Syllables are the basic unit of sound that you can sound out. This is because they have a peak — something that you can draw out. For example, the one-syllable word <tap> has a peak that you can draw out (the sound of the "a", /&/). This drawn out sound is usually a vowel in English, but some consonants can also take up the role; American English often has no vowel in the last syllable of words like <little> and <rural>, the final /l/ acts as a syllable all by itself.
It's probably of no surprise that people all around the world use the syllable as a fundamental unit in both poetry and song:
There once was an old man of Esser, Whose knowledge grew lesser and lesser, There - once - was - an - old - man - of - Es - ser, (9 syllables) Whose - know - ledge - grew - les - ser - and - les - ser, (also 9 syllables)
Components of a syllable
Syllables aren't just a jumble of sounds that happen to have a peak. As we have already seen, only some phonemes can be the peak in any given language. This is called the nucleus of the syllable. Everything in the syllable that comes before the nucleus is called the onset and everything after it is called the coda. For example, let's take the English one syllable word <once> and determine its nucleus, onset, and coda. First break the word down into its component phonemes.
/w/ /v/ /n/ /s/
Now the nucleus of the syllable must be the vowel, /v/; the onset is everything before that, /w/; and the coda must be /ns/. Syllables don't have to have an onset or a coda, so that the nucleus could be the whole syllable.
Stress and Tone
In most languages, you will find that certain syllables inside a word are "stressed" more than others. This is something you will need to consider for your conlang. English stress is mostly unpredictable, and isn't indicated anywhere in the orthography. When you create your own language, however, you will need either rules of stress that are absolutely regular or a simple way of indicating it when you write your language down.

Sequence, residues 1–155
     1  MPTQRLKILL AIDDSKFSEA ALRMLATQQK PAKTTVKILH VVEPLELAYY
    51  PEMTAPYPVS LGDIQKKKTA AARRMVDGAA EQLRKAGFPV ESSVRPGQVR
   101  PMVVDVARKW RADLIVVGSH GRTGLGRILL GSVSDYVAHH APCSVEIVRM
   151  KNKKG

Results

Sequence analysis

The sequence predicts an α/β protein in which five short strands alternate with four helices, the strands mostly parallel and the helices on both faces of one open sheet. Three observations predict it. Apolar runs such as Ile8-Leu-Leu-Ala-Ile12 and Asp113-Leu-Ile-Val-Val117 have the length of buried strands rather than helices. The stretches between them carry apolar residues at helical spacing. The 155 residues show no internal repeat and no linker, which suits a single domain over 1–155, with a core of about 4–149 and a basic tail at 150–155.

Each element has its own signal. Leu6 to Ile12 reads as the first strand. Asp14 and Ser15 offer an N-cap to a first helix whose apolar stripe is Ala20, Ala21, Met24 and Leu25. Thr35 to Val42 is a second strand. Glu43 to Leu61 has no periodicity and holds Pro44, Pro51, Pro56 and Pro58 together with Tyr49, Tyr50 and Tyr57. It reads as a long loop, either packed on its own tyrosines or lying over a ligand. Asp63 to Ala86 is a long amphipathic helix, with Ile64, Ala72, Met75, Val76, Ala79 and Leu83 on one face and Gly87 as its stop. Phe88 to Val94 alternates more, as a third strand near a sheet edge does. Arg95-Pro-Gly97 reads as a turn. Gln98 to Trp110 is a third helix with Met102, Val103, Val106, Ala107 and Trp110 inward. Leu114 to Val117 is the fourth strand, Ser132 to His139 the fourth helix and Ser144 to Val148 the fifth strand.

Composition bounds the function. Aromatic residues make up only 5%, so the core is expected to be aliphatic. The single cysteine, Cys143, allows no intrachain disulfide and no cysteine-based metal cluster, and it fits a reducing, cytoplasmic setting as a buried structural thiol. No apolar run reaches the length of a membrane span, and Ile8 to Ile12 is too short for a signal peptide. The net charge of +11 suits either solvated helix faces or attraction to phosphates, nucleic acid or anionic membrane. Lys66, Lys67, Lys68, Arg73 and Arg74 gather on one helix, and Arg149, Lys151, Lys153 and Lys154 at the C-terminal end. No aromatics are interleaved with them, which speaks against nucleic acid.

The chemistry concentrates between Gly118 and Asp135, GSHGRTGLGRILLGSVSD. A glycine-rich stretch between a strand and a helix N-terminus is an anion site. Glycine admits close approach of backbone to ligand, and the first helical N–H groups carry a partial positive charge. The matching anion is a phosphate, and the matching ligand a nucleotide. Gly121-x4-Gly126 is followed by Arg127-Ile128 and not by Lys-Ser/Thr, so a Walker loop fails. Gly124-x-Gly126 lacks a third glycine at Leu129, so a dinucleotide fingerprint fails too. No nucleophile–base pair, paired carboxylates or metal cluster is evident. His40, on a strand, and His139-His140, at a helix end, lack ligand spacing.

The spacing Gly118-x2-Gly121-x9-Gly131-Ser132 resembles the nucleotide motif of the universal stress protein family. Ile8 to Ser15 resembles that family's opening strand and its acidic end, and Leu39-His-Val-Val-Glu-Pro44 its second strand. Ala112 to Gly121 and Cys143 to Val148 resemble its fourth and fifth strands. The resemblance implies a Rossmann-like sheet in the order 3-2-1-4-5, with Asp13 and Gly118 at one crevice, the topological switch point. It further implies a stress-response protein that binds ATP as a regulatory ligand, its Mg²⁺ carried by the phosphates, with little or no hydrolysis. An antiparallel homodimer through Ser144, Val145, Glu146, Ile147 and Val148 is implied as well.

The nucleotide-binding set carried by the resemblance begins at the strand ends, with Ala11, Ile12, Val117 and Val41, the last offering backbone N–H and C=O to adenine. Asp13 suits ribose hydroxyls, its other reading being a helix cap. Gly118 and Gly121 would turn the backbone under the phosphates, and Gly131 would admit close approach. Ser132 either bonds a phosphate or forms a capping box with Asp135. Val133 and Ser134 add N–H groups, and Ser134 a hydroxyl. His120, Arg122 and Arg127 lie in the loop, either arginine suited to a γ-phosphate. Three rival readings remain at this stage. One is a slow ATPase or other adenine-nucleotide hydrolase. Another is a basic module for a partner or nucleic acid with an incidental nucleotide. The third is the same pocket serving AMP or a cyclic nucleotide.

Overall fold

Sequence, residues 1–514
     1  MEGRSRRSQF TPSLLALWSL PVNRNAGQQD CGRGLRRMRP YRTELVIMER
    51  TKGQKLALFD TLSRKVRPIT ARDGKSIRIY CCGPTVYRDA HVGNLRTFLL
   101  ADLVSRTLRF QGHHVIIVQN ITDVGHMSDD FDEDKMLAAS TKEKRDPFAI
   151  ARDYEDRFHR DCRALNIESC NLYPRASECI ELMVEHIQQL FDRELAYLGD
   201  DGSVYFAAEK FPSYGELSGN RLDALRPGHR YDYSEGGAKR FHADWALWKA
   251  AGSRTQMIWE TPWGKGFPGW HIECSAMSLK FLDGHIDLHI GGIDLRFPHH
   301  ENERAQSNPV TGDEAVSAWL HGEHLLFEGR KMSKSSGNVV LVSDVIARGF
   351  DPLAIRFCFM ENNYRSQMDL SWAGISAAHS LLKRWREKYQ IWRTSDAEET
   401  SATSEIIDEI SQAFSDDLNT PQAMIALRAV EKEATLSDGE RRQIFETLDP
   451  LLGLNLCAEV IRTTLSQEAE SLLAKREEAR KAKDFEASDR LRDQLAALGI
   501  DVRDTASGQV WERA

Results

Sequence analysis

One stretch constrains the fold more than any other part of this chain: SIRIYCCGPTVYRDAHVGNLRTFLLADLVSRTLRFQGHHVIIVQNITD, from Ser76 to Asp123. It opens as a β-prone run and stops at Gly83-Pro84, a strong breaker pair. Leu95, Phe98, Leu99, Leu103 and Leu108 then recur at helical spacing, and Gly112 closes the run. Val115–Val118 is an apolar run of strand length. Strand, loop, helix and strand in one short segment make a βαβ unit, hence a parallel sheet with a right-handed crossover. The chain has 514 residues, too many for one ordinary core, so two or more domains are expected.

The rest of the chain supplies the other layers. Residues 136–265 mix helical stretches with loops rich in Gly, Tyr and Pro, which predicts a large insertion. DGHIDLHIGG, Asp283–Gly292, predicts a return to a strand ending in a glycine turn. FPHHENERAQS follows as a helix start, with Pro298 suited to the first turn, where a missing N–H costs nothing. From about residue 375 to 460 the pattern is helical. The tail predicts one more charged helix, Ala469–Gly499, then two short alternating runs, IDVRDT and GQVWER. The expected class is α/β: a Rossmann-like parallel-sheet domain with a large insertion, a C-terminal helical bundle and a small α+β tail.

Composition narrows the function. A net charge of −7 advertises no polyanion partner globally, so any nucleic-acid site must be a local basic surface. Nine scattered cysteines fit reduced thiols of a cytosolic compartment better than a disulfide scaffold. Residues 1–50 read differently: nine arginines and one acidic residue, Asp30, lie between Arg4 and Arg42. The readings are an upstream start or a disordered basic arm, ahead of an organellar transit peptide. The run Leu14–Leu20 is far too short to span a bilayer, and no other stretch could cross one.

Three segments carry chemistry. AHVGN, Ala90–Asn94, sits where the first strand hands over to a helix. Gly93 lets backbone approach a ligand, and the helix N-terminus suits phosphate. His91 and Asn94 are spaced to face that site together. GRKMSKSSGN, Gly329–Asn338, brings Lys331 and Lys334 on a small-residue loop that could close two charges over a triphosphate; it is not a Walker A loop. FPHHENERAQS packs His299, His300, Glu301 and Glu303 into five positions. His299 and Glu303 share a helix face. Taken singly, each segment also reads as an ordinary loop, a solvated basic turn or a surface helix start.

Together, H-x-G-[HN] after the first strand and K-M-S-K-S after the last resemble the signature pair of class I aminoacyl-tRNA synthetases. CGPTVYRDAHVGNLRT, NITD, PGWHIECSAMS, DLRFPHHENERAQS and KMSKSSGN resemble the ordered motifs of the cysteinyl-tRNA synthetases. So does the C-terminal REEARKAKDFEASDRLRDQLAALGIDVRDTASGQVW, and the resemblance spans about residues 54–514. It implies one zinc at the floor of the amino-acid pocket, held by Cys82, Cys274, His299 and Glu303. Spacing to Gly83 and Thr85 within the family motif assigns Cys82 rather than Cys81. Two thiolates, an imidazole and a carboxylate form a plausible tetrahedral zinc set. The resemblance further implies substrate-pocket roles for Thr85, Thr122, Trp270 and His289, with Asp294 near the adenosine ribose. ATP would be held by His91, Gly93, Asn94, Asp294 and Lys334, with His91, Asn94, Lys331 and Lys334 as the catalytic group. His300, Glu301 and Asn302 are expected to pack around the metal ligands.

How should stress be determined? There are many ways you can do that. A very simple way would be to always place stress on a specific syllable: Esperanto, for example, always stresses the penultimate. Another idea is to stress different syllables depending on the phonemes each syllable uses: Latin stresses the penultimate except when both final syllables have short vowels that have no more than a single consonant between them.
The possibilities don't stop there, either. Perhaps stress could be based on the relative "weight" of different phonemes in different places, such as in Spanish: stress the last syllable if that syllable ends with a consonant (except "n", "s"), unless noted otherwise in the orthography. Or you could get rid of the stress distinction altogether, as French has, and instead stress certain words more than others. (More precisely, French stresses the last syllable of phrases.)
Stress in English shows that rules can be quite complicated. Often in English, there is a subtle way of deciding for example the alternating stress patterns in related nouns and verbs: nouns are first-syllable stressed and verbs are second-syllable stressed/ such as contract versus contract. In US English (but not British English), offense and defense, though usually second-syllable stressed, are first-syllable stressed when used in sports.
Finally, you could always try using tone instead of stress, but unless your native language is tonal as well you could have a lot of difficulty here. A tonal language distinguishes syllables based on their pitch; for example "high pitch," "extra-low pitch," "low rising pitch" (which starts low before gradually rising), and various others. You can even have "high rising," "rising-falling," or "creaky voice" — in which case the tone is so low the individual vibrations of the vocal chords can be heard. We'd recommend you to examine one or more tonal languages, such as Mandarin Chinese or Vietnamese, and discern the ways those languages make use of it before trying it yourself.
Of course, all of the above refers merely to the stress and tone of individual syllables within a word; if your language isn't tonal, you should also consider the use of stress over entire sentences, though you needn't make it very complicated. English, for example, tends to stress nouns and verbs over prepositions, except when making a point. It also tends to add a slightly higher tone at the end of questions than in statements. (As seen in "This is a sentence" versus "This is a sentence?") You can ignore this sort of thing altogether, or you can make rules of your own.